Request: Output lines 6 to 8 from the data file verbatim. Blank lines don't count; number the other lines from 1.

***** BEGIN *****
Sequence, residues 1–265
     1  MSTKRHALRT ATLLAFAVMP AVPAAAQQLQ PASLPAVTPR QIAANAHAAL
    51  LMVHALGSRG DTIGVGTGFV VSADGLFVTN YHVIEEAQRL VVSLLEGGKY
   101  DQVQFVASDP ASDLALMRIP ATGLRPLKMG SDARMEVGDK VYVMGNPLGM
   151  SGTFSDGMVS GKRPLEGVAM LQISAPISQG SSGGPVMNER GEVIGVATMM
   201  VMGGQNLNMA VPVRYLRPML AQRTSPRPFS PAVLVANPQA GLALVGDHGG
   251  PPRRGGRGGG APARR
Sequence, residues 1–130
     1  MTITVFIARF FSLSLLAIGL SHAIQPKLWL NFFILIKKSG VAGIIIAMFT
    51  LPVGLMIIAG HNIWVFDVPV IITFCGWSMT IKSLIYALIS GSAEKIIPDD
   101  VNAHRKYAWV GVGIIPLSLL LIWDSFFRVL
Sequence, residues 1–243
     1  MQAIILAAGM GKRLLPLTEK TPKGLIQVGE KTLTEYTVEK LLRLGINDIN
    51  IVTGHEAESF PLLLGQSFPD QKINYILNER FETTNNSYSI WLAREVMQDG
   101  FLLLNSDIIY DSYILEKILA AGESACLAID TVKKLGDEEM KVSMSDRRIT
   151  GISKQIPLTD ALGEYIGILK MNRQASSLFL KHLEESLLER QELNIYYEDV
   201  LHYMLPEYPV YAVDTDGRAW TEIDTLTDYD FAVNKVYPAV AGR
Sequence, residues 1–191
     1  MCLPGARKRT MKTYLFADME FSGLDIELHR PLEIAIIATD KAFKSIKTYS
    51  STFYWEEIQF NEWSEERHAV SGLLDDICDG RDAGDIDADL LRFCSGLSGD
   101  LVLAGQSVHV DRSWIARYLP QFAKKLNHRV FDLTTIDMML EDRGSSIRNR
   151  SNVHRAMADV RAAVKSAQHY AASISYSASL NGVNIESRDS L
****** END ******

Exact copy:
   201  VMGGQNLNMA VPVRYLRPML AQRTSPRPFS PAVLVANPQA GLALVGDHGG
   251  PPRRGGRGGG APARR
Sequence, residues 1–130